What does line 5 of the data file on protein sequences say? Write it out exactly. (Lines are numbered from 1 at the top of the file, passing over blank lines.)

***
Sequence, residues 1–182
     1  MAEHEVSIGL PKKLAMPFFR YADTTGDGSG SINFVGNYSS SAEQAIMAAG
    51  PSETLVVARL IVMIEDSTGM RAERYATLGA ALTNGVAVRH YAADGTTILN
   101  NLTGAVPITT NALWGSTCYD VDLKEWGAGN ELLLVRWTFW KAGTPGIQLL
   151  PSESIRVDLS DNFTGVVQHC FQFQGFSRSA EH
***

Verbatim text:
   151  PSESIRVDLS DNFTGVVQHC FQFQGFSRSA EH